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title: 'The Day book. (Chicago, Ill.) 1911-1917, June 13, 1913, Image 29',
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Image provided by: University of Illinois at Urbana-Champaign Library, Urbana, IL
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r THEY DID HIM
They played him for a, chump.
They legally hornswaggled him.
They pulled the wool over his eyes
and tweaked his nose. They bought
the ground from under his feet.
They gave him the tarred end of the
stick. They made a monkey of him.
That's what 'those steel trust, tariff
fostered infants did to Uncle Sam,
quietly and a plenty, as ip now shpwn
In the government's suit against the
' "United States Steel Corporation.
And they've got high-class evidence
to prove that they did it perfectly le
gitimately. When, in the early nineties, those
steel sharps wanted to form a pool
to fix prices, regulate output and di
vide profits that is, to commit rob
"bery in a gentlemanly fashion they
consulted an eminent lawyer as to
how far they could go and avoid jail.
They were afraid of the Sherman
anti-trust legislation, particularly.
So they consulted United States Sen
ator Geo. F, Hoar of Massachusetts.
In the Senate Hoar had helped John
Sherman frame and pass that anti
trust law and he was attorney for
one of the steel concerns over at
They took their thieves' plans to
the right man. Hoar gave them a
written opinion to the effect that
they could not be convicted under
that law. Thereupon, with their le
gal and moral bill of health, from
nice old Mr. Hoar, from whose un
timely passing to a fairer and better
world Massachusetts has hardly yet
fully recovered, they formed their
pool under .which they haye "been
skinning the' people for nearly 20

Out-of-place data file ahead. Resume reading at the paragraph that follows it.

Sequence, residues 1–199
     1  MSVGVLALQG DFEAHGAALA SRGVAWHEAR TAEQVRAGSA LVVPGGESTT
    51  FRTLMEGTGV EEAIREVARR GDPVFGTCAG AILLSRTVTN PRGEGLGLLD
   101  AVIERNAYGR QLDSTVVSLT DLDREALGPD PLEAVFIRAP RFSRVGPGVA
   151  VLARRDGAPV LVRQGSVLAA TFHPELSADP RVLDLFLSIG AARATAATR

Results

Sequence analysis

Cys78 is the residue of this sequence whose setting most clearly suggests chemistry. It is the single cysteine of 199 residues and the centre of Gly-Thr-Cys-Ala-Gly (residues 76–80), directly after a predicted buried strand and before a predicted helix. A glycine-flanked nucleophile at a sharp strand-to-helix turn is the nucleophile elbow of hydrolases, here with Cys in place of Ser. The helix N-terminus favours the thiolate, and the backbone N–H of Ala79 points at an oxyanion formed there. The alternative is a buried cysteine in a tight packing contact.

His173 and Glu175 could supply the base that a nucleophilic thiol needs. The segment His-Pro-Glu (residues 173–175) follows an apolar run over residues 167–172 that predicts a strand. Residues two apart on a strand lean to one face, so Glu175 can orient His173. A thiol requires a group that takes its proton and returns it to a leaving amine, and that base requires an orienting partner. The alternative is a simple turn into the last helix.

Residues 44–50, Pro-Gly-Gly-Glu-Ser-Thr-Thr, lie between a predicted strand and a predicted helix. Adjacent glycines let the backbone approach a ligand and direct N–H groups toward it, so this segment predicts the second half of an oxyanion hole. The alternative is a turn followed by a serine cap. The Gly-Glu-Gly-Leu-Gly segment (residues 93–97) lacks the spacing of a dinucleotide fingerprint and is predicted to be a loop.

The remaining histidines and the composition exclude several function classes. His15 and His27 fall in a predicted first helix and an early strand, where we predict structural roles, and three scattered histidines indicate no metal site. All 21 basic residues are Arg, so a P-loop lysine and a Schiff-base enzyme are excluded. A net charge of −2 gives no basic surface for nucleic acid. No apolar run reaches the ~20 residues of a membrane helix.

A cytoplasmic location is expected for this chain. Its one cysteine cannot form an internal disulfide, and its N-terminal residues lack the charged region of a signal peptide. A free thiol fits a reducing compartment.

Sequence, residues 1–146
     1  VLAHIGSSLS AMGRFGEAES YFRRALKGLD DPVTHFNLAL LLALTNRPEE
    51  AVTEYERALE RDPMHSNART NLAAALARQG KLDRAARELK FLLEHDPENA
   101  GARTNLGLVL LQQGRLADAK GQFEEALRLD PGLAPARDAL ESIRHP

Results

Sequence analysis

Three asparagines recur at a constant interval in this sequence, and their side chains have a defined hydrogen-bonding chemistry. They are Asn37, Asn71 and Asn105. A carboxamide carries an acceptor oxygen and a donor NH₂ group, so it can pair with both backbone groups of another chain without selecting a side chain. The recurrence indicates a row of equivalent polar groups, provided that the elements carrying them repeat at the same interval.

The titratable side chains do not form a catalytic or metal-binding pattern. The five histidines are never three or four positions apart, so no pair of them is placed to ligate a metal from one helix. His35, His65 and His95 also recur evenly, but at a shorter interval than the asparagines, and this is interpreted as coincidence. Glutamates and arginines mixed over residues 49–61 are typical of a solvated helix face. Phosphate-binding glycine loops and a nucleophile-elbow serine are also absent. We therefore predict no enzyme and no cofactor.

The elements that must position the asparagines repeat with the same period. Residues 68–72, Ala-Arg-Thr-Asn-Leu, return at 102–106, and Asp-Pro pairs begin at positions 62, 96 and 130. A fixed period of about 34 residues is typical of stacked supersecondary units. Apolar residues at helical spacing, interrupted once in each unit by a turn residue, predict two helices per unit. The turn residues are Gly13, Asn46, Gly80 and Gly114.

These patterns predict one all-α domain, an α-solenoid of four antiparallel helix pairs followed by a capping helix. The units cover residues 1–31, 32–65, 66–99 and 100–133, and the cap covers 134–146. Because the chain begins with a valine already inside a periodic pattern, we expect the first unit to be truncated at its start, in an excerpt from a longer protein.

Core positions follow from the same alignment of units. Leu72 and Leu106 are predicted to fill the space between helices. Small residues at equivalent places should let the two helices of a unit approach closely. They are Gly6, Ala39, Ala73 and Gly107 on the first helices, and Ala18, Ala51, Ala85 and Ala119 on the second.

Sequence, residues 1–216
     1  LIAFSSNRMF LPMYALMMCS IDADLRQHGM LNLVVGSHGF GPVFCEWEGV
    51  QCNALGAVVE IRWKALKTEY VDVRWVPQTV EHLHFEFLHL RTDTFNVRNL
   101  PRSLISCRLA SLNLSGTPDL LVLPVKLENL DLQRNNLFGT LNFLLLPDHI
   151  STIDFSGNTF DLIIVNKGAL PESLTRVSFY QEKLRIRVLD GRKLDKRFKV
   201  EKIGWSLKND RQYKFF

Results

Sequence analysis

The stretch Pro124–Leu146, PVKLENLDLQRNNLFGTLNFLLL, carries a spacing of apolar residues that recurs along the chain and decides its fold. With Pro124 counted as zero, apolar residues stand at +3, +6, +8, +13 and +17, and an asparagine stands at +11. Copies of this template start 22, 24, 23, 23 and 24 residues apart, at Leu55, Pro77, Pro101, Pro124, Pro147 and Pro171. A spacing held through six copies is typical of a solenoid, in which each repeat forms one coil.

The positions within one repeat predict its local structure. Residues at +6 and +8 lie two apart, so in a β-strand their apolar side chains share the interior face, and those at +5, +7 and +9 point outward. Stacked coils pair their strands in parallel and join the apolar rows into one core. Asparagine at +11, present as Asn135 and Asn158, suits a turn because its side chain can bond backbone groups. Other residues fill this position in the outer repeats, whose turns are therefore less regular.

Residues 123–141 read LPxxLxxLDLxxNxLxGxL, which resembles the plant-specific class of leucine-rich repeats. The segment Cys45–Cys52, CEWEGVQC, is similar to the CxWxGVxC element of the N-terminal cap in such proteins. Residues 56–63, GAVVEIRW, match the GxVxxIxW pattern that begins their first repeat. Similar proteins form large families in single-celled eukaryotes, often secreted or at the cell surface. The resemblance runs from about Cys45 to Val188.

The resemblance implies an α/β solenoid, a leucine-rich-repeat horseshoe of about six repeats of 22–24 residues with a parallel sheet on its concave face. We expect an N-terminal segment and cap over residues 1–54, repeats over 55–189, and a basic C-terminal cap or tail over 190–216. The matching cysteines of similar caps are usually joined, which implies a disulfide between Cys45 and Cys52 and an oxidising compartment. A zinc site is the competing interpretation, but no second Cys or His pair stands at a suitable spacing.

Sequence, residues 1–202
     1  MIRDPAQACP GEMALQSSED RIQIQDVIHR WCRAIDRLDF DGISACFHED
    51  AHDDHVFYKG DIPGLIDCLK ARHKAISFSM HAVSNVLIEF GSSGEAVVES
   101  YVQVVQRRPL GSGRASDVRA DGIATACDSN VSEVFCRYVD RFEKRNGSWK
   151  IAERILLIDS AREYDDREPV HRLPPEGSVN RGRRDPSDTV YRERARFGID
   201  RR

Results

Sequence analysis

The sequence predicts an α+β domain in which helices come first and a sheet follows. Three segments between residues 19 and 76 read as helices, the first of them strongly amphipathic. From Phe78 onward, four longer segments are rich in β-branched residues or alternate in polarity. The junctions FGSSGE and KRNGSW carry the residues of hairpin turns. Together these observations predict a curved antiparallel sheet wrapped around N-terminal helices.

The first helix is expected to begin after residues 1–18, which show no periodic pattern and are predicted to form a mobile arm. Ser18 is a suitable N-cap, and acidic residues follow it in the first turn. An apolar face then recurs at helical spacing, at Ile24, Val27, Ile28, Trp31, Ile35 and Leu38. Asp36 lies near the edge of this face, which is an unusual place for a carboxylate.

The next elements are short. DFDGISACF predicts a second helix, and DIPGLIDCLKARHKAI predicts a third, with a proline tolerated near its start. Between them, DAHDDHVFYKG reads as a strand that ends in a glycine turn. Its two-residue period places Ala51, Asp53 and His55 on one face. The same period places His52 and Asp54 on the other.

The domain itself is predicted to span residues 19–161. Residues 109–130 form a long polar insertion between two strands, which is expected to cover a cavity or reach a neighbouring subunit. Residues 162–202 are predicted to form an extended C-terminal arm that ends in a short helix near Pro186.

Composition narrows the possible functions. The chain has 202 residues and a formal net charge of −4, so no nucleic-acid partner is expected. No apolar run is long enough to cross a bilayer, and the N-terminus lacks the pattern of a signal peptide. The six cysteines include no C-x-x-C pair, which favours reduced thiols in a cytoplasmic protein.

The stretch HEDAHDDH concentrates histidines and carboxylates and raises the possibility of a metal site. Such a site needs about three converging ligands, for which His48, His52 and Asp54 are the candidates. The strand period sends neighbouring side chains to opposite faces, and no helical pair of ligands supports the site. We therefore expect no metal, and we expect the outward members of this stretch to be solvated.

years. The frankness and complais
ance pf Messrs, Gary, Corey and oth
ers upon the witness stand are ex-
plained. They had in their posses
sion the indorsement of their purity
by the man who largely ma,de the
law. Uncle Sam had just what w
started out by saying they gate hint
John Sherman died 7ttU paTesiai
and other ailments not very long
after that anti-trust law was en-i
acted. His fellow creator of thatl
law, Hoar, lived long enough to in
spire the schemers whom it was in
tended to reach, with confidence that
it was worthless. There was a love
ly pair of patriotic twins for us com
mon, plucked folks to honor, revere
and lament, wasn't there?
A STORY 'BOUT TEA.
"Ah me!" once cried an old Nor
man peasant, "my coffee after the
sweet Jesus is my salvation!" Tea
plays the same part in England. I
believe it was Max O'ReU who wrote
'It is when John Bull drinks his tea
very hot in tiny pips, nibbling a bit
of bread and butter that he is really
beautiful and edifying."
Tea was drunk In China away
back in 61, but it was not until 1600
that -the English first began to use
it and then the price ranged from
thirty to fifty dollars a pound. That
old humbug Pepys was one of th,e
first to sample the new drink and
frequently quotes in his diary that
"on the 25th September 1660 I did
sqnd for a cup of tee, a China drink,
of which I never had drunk before."
As the 18th century progressed,
the use of tea in England rapidly
increased and in 1836 the first British
grown tea was raised in Assam, and
forty years later the disastrous ef
fects of the. coffee-leaf disease forced
planters lo give serious attention to
tea in Ceylon, with the result that
tea now takes first rank in the com
merce of the island. Tea drinking
seems to be becoming more popular
in America every year, and the U, S.
is now the third largest consumer of
this product, the United Kingdom be
ing first and Russia second.
And every once in o often, just
when we are at psace, with the wprld,
an alleged clue to the, Iiogue, murder
breezes in and makes trouble.1 "